connect with us:
Follow us on Facebook
Follow us on LinkedIn
Follow us on Google+

The (Negative) Power of the Assumption

Aug 26, 2015

Posted by

Charles Dahlheimer

Recognized as one of the industrys leading visionaries, Dahlheimer is publisher of The Real Estate Professional magazine and The Real Estate Executive Summary.  He co-authored Real Es Read more

In an op-ed piece, “The Poison of Assumption,” Charles Maley points out the not-so-obvious falacies involved in the process of making assumptions.  “The problem with assumptions is that we believe them to be true,” says Maley.  Does your wife really forgive you when you bring flowers?  (Or has she already hired an attorney?)  Is your boss really impressed with the long hours you’re putting in?  (Or is she disappointed that you can’t get your work done during normal working hours?)  “When we assume, instead of inquire, we invite problems.”

To avoid surprises, Maley suggests that we “think in reverse,” whenever we are tempted to assume anything.  If you think the buyers have finally settled in on what should have been their obvious choice all along, think again—but in reverse.  They’re not asking you to find other properties to show them.  Does that mean they’ve narrowed the choices down to just one or two?  Or are they giving up?  Or does it mean that they’re shopping with someone else?  Or have they found a FSBO that looks good to them? Never assume anything.  The only way to avoid assumption is to ask!

Old timers in the industry will remember Dave Stone, a consultant to the building industry and author of the original “Guaranteed Sales Plan.”  When lecturing real estate practitioners, Dave would write the word ASSUME on the board, then break it into pieces:  "ASS - U - ME" while verbalizing, “When we don’t ask, but just assume, it will make an ass out of you and me.”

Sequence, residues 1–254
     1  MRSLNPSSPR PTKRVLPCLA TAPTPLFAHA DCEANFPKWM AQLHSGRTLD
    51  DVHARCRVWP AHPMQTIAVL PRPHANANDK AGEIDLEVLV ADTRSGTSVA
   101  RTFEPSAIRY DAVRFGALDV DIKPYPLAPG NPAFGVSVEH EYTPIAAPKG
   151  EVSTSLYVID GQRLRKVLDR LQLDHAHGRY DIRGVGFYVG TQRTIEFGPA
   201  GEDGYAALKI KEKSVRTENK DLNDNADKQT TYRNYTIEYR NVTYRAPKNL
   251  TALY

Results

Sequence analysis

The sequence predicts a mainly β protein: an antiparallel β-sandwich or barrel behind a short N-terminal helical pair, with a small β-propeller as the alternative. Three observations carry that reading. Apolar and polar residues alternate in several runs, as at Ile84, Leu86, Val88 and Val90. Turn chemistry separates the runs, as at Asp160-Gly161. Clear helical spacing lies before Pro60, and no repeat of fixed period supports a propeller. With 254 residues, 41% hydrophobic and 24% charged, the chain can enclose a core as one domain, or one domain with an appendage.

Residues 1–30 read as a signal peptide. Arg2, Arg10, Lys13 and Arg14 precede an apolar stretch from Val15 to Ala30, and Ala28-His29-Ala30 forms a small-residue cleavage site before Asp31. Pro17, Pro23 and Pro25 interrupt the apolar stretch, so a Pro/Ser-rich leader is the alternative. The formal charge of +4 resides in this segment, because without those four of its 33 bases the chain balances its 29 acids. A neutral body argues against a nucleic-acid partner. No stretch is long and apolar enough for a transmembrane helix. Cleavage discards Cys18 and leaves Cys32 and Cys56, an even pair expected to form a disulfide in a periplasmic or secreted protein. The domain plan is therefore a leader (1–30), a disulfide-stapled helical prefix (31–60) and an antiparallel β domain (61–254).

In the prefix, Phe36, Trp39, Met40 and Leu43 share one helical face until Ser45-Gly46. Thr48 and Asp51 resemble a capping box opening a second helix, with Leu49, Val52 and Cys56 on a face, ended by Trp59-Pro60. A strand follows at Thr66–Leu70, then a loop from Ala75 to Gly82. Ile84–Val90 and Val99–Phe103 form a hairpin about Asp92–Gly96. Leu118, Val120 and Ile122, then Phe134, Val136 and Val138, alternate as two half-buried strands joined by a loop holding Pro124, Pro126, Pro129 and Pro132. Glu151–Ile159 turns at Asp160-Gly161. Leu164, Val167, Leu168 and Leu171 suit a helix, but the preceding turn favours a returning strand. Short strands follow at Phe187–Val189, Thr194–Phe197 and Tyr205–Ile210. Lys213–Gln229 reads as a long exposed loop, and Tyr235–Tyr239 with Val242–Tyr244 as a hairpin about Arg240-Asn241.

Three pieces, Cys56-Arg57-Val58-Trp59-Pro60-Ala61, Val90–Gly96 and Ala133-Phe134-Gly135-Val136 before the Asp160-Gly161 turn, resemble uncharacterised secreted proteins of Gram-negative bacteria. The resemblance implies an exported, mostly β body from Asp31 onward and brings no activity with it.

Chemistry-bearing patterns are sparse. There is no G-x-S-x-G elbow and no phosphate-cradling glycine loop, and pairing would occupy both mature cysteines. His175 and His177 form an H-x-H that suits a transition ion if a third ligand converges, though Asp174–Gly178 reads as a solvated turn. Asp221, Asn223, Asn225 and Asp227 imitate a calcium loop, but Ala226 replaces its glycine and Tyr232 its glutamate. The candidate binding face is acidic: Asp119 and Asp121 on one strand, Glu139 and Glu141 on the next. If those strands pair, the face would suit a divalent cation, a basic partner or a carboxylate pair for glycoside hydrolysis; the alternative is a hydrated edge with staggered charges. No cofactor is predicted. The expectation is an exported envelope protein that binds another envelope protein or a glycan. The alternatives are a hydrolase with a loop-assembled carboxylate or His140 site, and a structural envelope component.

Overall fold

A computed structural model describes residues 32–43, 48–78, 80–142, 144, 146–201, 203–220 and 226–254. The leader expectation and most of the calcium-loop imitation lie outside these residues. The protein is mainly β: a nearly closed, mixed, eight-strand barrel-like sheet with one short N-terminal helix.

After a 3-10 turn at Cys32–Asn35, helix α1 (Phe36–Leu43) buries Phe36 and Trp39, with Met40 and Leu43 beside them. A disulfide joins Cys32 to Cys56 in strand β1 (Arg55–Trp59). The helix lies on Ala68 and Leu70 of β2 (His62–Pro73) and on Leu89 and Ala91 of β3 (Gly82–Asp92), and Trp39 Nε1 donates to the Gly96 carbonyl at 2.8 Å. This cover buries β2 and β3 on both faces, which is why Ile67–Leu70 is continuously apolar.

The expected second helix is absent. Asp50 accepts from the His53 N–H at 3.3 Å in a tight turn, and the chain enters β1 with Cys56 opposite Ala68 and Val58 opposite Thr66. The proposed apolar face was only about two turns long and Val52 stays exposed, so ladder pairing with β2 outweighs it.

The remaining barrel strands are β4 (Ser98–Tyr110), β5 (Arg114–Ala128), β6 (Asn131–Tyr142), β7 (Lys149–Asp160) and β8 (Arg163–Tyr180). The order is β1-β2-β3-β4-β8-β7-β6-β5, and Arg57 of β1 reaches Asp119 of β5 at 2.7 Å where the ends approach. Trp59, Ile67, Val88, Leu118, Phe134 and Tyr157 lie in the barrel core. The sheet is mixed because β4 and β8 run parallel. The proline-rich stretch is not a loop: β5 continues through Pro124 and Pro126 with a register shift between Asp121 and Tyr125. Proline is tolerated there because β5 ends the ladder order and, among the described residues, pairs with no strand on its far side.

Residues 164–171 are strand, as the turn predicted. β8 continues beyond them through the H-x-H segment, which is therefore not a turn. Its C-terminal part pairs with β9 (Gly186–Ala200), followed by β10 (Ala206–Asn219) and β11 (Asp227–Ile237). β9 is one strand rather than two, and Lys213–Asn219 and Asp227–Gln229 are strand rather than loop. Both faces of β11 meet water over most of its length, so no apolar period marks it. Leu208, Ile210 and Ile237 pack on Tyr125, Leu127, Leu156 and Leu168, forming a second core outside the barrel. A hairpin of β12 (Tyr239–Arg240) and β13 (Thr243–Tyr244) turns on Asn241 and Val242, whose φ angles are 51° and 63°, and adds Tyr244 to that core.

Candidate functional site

The doctor tells you that you need back surgery to get rid of that awful pain you’re having.  Don’t assume that because he’s a successful surgeon his opinions are always correct.  Ask what your options might be.  Get a second opinion.  Ask. Don’t assume.

An obviously successful businessman in your community tells you that he and his wife are thinking about moving to a bigger house.  Excited by the prospect of listing his home and finding him another, you head to the MLS to begin your work.  Obviously they’re successful and would be ideal clients, you assume.  They’ll know what they want and will be able to afford it! You wouldn’t think of putting them through the normal financial qualification process!  All assumptions.  Ask.  Investigate.  Take nothing for granted.

Maley drives his point home with the following historical insights: 

Lee de Forest who invented the cathode ray tube in 1926 said, ‘Theoretically, television may be feasible, but I consider it impossibility -- a development which we should waste little time dreaming about.’ 

Thomas J. Watson who was the Chairman of the Board at IBM in 1943 said "I think there is a world market for maybe five computers.’ 

In 1895 Albert Einstein's teacher told his father "It doesn't matter what he does, he will never amount to anything." 

And Decca Recording Company rejected the Beatles in 1962 saying "We don't like their sound, and guitar music is on the way out.”

So much for assumptions!